Penguin Random House
Review: Brian Joss
EL James, the author of 50 Shades of Grey has a lot to answer to. After her blockbuster, many female writers followed her into the soft porn field, including Jassy Mackenzie who spent time producing Soaring, Switch, Folly and Breathless, which on her website are listed as romances, instead of doing what she does best: writing thrillers featuring the feisty Johannesburg PI Jade de Jong. We had to wait four years for Bad Seeds, the fifth book in the series. Pale Horses (2013), was published after Stolen Lives and Random Violence. A standalone is My Brother’s Keeper. However, Mackenzie also collaborated with James Patterson to write one of his Bookshot titles, Private Gold.
Now, in Bad Seeds, she has resurrected Jade de Jong and placed her in a story that comes straight out of today’s newspaper headlines.
Jade is hired by smooth-talking, security director, Ryan Gillespie, to investigate an attempted act of sabotage, at Inkomfe, a nuclear research centre, on the outskirts of Randfontein on the West Rand, where much of the action takes place. Inkomfe is based on the apartheid facility in Pelindaba – dubbed Mamba – a fitting name for a factory that could develop weapons of mass destruction, using uranium which was in plentiful supply in the old South Africa. Inkomfe is a Zulu word for the African potato which has healing properties and is one of the traditional remedies for treating HIV.
The story opens with two people in the dark of night manhandling a body into the toxic Robinson Dam which has become polluted by acid mine water. But someone is watching. (The dam was formerly a pristine area and a popular picnic site then known as Robinson Lake, which we often used to visit).
Gillespie wants Jade to track down the missing Carlos Botha, whom he believes was involved in the attempted sabotage. She finds him in a rundown Best Western motel in Randfontein, where she sees a silver Toyota Landcruiser crash into a lamp post. The female driver, later identified as Scarlett Sykes, refuses Jade’s help but a while later she is found dead in the motel room “in a sea of scarlet” along with Wouter Loodts, a former cabinet minister in the apartheid government, who was closely connected to Inkomfe, and it appears that he has been tortured. Also missing is Lisa Marais, an activist and former security director at Inkomfe. Warrant Officer Thokoza Mweli, acting Station Commander of the Randfontein SAPS, is called to the murder scene. She’s an efficient cop and wants to be appointed officially so she knows that she must solve this case. Her other goal is to lose weight and in times of stress her ugly tabby cat, Chakalaka, is a source of comfort.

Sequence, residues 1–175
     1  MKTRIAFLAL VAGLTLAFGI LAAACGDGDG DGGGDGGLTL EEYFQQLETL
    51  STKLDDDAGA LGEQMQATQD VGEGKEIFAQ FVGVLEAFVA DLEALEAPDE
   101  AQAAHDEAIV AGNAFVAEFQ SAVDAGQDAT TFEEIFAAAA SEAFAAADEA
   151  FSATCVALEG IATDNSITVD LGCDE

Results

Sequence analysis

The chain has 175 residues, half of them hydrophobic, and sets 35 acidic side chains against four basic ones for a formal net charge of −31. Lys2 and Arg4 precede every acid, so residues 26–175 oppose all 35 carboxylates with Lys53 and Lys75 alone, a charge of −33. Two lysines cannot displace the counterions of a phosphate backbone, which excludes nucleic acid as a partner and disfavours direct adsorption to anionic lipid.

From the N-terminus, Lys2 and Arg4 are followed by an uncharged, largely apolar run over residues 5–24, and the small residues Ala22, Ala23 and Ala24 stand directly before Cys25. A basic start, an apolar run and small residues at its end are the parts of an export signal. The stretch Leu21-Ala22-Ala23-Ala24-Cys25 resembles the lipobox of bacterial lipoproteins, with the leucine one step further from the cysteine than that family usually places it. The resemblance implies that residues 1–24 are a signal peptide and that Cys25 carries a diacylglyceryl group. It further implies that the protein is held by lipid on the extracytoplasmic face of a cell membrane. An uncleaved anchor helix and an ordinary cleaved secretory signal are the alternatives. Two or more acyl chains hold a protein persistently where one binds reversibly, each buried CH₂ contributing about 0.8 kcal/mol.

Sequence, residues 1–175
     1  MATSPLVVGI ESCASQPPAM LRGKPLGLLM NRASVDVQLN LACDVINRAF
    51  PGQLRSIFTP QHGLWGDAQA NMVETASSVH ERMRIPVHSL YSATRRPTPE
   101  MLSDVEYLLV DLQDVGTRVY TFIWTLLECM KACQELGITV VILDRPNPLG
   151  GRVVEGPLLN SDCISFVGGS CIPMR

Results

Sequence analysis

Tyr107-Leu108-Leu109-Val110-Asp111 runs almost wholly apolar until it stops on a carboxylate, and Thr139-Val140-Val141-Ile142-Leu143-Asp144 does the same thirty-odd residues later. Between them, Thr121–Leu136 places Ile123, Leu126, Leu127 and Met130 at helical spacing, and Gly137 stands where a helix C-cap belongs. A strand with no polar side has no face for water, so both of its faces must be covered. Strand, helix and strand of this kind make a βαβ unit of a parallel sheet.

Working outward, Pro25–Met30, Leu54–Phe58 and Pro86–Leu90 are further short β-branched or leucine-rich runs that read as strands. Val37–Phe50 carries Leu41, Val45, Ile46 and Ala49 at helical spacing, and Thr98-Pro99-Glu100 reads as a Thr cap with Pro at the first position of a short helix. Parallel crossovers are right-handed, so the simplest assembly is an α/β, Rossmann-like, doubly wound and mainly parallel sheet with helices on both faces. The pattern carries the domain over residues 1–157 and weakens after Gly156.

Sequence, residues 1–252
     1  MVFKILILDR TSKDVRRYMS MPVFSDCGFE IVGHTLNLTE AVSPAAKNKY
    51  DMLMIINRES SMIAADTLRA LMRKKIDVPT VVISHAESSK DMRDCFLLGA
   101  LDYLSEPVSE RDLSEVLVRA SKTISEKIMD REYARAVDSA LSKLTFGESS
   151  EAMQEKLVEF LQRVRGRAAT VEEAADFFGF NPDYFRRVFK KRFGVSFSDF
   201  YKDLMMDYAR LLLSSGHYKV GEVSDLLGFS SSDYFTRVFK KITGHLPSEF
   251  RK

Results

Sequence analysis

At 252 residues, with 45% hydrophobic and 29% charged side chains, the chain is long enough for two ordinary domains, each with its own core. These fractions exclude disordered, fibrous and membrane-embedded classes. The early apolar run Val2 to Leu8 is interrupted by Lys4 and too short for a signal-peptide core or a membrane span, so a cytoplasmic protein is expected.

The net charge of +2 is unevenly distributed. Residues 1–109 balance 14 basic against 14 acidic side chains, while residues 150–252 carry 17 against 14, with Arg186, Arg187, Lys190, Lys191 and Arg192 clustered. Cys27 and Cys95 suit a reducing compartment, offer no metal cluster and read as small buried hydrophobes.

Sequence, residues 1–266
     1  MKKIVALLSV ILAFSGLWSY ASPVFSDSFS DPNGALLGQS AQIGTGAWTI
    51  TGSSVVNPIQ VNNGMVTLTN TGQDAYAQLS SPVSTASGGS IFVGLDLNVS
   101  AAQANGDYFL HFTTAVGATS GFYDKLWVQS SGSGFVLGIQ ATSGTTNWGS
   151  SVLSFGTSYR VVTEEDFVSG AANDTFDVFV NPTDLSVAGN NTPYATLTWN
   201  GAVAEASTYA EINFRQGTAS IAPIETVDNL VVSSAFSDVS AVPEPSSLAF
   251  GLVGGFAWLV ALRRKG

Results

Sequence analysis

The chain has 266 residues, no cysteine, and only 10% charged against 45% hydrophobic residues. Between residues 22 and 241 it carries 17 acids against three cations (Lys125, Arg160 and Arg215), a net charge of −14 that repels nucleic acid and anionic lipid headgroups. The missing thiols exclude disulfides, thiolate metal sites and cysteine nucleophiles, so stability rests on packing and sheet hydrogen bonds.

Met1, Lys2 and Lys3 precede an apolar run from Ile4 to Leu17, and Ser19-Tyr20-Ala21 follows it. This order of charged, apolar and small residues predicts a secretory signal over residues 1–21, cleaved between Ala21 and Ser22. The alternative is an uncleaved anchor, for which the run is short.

Meanwhile Botha and Jade form an uneasy relationship and go on the run when a gang of hit men arrive at the motel. However, it seems that the hit men are always two steps ahead of Jade and Botha. As Jade digs deeper she discovers another assault is being planned on Inkomfe and wants to stop it.
Nothing is what it seems and the lines between friend and foe are blurred. Jade also gets help from an unexpected source, Sbusiso, a security guard at Inkomfe and his friend, Shadrack. who is dying. Some of the characters who have featured in the other De Jong books make their appearances again: Superintendent David Patel, the man Jade hated and loved (and probably still does) who was tricked into going back to Naisha, his pregnant wife, and their son, Kevin. Patel believes Botha is a terrorist and that Jade’s life is in danger. Then there’s Robbie, a gangster, who helped Jade kill her father’s murderer, and pops up most unexpectedly. And I’m sure we’ll read more about Mweli in other De Jong thrillers. The De Jong series can be read separately as Mackenzie cleverly leaves clues about the personalities who have made appearances previously, among them is Jade’s mother, who was apparently a secret agent. To get the full picture it’s better to read them all. Bad Seeds is a gripping read, which has an unexpected and explosive climax.